The Volokh Conspiracy
Mostly law professors | Sometimes contrarian | Often libertarian | Always independent
Republican members of the council that must approve judicial nominations rejected one nominee for a seat on a New Hampshire superior court because she did her job as a public defender.
Dorothy Graham worked as a public defender in New Hampshire. In this position, her job was to zealously represent her clients, generally individuals accused of crimes who could not afford or otherwise obtain competent defense counsel. She did not choose her clients, but she did work on their behalf. And because we have an adversarial justice system, the judicial process relied upon her to do her best to defend her clients in court, just as the process relied upon prosecutors to work zealously on the other side.
Like any public defender, Graham did not always have the nicest clients. Some of them were even quite despicable. Yet all were entitled to a defense.
Manchester public defender Dorothy Graham, whom Hassan nominated to the Superior Court, has twice attempted to reduce the sentences of child rapists on technicalities and, in one case, a "clerical error." She took those cases all the way to the New Hampshire Supreme Court with mixed success. . . .
Graham's history of defending child rapists caught the attention of Executive Council Republican member David Wheeler, one of five councilors responsible for approving judicial nominations. While he said he is sympathetic to the necessity of public defenders and that they do not get to pick and choose their clients, he saw Graham's pursuit of dismissals over "technicalities" as "disturbing.
"This is something that is very disturbing information and we need to look into it a bit further. The way I understand the facts is that this appeal was more of a minor technicality. If I was a defense attorney, my conscience wouldn't be able to handle that," Wheeler told the Washington Free Beacon. "The difference on [Graham's] case is whether the defendant's rights were violated in a serious way or whether it was really her trying to get a guilty person out of a penalty for his heinous crime."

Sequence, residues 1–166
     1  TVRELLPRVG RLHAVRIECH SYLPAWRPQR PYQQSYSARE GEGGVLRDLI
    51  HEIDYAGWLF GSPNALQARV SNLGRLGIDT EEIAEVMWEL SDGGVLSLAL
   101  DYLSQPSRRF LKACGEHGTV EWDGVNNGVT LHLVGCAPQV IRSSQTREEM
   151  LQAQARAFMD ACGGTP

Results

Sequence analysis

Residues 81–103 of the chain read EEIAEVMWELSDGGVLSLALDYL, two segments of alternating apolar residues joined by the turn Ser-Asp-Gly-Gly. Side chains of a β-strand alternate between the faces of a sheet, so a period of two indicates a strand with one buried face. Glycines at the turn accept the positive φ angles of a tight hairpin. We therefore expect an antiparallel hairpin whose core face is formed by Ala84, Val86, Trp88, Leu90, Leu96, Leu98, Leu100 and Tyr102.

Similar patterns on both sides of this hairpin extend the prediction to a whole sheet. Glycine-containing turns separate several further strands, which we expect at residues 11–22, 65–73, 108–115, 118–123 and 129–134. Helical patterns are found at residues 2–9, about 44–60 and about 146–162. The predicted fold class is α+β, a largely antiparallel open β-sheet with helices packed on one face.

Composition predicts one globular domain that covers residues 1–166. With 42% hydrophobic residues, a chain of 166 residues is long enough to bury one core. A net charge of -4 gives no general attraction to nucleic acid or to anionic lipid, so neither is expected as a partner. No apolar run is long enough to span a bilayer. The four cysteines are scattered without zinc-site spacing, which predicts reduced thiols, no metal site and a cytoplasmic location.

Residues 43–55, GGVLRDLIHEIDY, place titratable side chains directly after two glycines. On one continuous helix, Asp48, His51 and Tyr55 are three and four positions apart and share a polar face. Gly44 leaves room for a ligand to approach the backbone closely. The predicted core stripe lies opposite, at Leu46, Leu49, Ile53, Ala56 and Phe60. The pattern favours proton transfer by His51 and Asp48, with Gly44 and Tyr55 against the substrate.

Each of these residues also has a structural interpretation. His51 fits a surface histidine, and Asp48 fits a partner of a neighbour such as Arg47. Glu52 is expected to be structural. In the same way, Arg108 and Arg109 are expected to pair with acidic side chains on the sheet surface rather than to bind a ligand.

I suppose it's a good thing David Wheeler is not a defense attorney, for he clearly does not understand how our justice system works.
The WFB attack served its purpose. It was picked up by the National Republican Senatorial Committee (because Hassan is preparing to run for the U.S. Senate) and gained currency in other conservative outlets. Graham's fate was sealed. Despite extensive support from the legal community and local law enforcement, the Executive Council voted 3-2 to reject her nomination.
Unfortunately, this is not the first time we've seen politicians engage in opportunistic attacks on attorneys for doing their jobs and representing unpopular clients. As I noted last year, the Republican Governors Association ran a scurrilous ad campaign against South Carolina gubernatorial candidate Vincent Sheheen along similar lines. And don't forget the attacks on Hillary Clinton for her work as a lawyer.
Groups on the left do this sort of thing, too. Republican judicial nominees, for instance, have been assailed by Democrats because they represented unpopular causes or politically unpopular industries. For example, progressive groups attacked district court nominee Mark Cohen because he helped defend Georgia's voter ID law.
Such attacks are wrong. Our system of justice relies upon the principle that everyone is entitled to effective legal representation, and attorneys should not be attacked or punished for serving unpopular clients. It is one thing to criticize attorneys for adopting unethical or unscrupulous tactics, but something else entirely to assail attorneys—or judge them unfit for a judicial post—because they fulfilled their obligation to a client.
As I've written before:
Our adversarial legal system depends upon the willingness of lawyers to represent clients of all stripes, including those who are unpalatable or politically unpopular. If attorneys are vilified for representing such clients—if the message to the politically ambitious is don't ever represent a client that voters might not like—fewer will be willing to take up the task. Conservatives recognize this when GOP nominees are attacked. They should also recognize it when the shoe is on the other foot.